“If there’s no practical difference, there’s no difference;” this was my pragmatist motto by the tender age of 17. Yet, through a series of fortunate events, I found myself just five years later slipping into the least pragmatic of places: fairyland. How did it happen?
One afternoon, in my search for fresh streets, streets I had never visited, something happened. One moment, I was in my workaday world and the next, I was in fairyland. A glimpse of a troll would not have surprised me. What happened in the intervening years? With the help of G. K. Chesterton, I realized that we live in fairyland.
The first hitch in my budding pragmatism came during engineering school. I decided to study engineering for the noble and honorable reason that I breathed math like a fish breathes water. At engineering school, however, I ran into creatures stranger than any troll and more mysterious than any unicorn: my fellow students. I found them saying things like, “I want to study engineering so I can make a lot of money.”
At engineering school, however, I ran into creatures stranger than any troll and more mysterious than any unicorn: my fellow students.
At first, my pragmatic retort was, “There are many professions which make more money, why not study one of them? Secondly, why money?”
This was the first instance where I found that the elves were right, and that my classmates were wrong. The elves know that things are worth doing because they are worth doing; not even trolls try to justify coming out and eating whoever passes over their bridge for some pragmatic end. Trolls eat people that pass over bridges because that’s what trolls do. Bacteria multiply because that is their purpose — to multiply. Hamsters run on wheels because it is the joy to do so. Engineers do engineering because they like making stuff. My pragmatism was cracking.
The second blow occurred my senior year of college. In accord with age-old tradition and habit, all the college seniors were freaking out about what they were going to do next year. Who was I to reject decades of ritual and convention? I joined in with great fervor, but I discovered something troubling inside myself. I found that I had no desire to pursue employment as an engineer. It is hard to convey how much horror this discovery brought to my pragmatic self. It is like biting into a delicious, freshly baked chocolate chip cookie, only to realize that the “chocolate chips” are actually raisins. My confidence in pragmatism was shaken; if I can’t even get a degree and a job in that field, what good is pragmatism?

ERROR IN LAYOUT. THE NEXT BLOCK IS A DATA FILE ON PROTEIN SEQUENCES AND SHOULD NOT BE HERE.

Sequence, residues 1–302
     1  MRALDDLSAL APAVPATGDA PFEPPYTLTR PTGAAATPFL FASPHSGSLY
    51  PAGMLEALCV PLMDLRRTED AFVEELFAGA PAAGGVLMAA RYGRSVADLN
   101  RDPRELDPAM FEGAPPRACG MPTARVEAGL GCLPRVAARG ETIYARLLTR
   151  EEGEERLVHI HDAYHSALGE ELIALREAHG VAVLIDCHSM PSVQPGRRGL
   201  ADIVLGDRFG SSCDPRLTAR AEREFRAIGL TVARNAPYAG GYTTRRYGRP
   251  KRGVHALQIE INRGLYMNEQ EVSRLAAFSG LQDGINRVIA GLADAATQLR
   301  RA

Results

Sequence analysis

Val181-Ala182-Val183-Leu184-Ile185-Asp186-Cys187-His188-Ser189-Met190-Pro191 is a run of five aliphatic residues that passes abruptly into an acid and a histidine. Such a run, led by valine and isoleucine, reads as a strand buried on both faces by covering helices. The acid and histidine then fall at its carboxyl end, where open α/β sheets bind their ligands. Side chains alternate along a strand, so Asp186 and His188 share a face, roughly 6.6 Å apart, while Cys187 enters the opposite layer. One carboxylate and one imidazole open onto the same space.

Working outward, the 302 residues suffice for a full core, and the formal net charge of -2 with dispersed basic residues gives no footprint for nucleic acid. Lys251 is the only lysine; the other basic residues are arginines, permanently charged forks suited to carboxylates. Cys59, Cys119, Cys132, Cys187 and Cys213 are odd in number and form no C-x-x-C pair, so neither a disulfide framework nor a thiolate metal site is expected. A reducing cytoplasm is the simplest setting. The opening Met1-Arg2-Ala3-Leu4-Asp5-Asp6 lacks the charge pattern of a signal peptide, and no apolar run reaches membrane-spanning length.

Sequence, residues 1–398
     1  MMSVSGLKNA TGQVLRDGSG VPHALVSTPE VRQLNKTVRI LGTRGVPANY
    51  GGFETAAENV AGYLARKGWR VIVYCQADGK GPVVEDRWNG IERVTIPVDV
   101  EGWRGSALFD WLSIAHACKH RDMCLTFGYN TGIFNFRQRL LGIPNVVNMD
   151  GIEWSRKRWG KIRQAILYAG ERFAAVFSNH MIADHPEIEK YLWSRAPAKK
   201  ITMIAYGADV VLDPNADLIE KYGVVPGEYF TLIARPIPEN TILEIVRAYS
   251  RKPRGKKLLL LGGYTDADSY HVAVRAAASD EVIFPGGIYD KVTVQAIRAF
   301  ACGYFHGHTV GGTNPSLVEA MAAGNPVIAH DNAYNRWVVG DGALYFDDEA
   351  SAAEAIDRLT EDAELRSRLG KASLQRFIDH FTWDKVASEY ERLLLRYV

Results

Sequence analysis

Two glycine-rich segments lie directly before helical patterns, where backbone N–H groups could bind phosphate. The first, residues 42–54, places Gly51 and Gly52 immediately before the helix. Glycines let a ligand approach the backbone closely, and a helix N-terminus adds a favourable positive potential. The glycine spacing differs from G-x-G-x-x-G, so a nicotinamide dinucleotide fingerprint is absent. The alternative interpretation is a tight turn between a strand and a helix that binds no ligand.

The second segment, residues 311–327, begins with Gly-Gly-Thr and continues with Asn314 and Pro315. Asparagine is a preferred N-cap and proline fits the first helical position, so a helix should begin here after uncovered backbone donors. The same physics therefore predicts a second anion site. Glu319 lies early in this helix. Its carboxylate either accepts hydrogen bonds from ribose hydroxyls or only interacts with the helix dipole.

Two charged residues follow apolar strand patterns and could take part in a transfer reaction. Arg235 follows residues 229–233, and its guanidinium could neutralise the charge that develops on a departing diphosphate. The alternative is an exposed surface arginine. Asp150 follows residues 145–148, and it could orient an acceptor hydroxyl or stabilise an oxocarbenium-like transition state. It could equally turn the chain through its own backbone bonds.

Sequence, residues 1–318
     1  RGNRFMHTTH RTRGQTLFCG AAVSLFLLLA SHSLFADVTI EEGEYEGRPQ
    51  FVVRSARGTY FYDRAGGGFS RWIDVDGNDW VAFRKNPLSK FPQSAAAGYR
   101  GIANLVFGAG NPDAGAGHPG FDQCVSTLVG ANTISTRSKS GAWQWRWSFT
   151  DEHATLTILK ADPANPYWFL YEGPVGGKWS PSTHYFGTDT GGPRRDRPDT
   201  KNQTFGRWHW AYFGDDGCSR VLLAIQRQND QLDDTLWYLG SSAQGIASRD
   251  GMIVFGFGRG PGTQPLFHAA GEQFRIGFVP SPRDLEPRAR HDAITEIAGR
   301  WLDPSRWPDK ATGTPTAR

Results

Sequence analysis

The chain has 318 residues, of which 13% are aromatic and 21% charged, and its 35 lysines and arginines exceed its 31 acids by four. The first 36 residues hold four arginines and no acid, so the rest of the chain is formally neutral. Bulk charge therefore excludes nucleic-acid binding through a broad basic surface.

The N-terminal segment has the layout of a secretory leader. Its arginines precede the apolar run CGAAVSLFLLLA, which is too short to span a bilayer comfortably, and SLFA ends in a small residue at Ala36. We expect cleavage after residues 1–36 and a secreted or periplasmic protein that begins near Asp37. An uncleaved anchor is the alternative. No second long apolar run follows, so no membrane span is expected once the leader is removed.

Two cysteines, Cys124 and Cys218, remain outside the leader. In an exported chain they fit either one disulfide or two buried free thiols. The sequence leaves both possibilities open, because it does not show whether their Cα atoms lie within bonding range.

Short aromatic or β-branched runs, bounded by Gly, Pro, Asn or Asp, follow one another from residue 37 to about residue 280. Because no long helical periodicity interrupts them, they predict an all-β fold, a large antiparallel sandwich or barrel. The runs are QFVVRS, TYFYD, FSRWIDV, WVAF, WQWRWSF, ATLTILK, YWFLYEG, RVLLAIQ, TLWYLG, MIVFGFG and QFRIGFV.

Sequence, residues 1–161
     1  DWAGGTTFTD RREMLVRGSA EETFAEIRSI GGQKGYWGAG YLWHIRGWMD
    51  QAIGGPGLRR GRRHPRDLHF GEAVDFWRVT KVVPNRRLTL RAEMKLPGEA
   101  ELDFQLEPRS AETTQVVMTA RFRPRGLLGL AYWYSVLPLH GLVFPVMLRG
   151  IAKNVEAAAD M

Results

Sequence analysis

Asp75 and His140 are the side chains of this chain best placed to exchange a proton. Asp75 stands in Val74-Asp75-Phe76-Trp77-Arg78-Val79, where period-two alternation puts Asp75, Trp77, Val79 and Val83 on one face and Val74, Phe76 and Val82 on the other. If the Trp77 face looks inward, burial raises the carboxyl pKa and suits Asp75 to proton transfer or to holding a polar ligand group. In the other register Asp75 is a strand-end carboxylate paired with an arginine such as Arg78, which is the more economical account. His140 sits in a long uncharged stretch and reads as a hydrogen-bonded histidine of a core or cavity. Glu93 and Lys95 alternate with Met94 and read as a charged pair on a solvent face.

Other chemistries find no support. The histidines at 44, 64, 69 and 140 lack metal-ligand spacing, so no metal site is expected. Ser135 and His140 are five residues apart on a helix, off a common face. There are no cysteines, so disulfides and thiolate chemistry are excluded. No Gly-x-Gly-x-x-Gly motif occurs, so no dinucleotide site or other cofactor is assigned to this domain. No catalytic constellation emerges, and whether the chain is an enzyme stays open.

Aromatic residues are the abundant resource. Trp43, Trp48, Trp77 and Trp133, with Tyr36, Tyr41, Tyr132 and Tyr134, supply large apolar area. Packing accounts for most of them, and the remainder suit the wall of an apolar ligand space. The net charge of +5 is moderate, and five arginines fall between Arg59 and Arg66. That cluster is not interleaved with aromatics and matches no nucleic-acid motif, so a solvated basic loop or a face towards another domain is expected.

Bacteria multiply because that is their purpose — to multiply. Hamsters run on wheels because it is the joy to do so. Engineers do engineering because they like making stuff.
The final blow occurred soon after graduation. Without quite realizing how, I found I was staffing for Worldview Academy. I walked onto a plane, and ended up in fairyland. It was as if all the words of the Bible were magic spells, and I had found the land where they had their effect. “Readers are leaders,” proclaimed one that looks a bit like Yoda. The speakers awakened desires that I had forgotten — desires to read, see, taste and touch — flickering snapshots of what, in essence, it means to be human. I was overwhelmed by feelings of gratitude. I was thankful that I got to even visit such a place on holiday; grateful that such a place exists. If everything suddenly seemed magical, it was only because everything is magic, and it if is magic, there must be a Magician.
My dreary days of pragmatism were shattered by a brief venture into fairyland. Engineering school, ironically, taught me the ironic impracticality of pragmatism. Worldview Academy taught me the glories of fairyland. The fact is, God has made a strange and magical world for us. The world is full of things that exist but look like they shouldn’t, like rhinoceroses. The world is full of riotous tastes and wonderful smells for us to enjoy. Reality is stranger than any fiction and wilder than any fairy tale.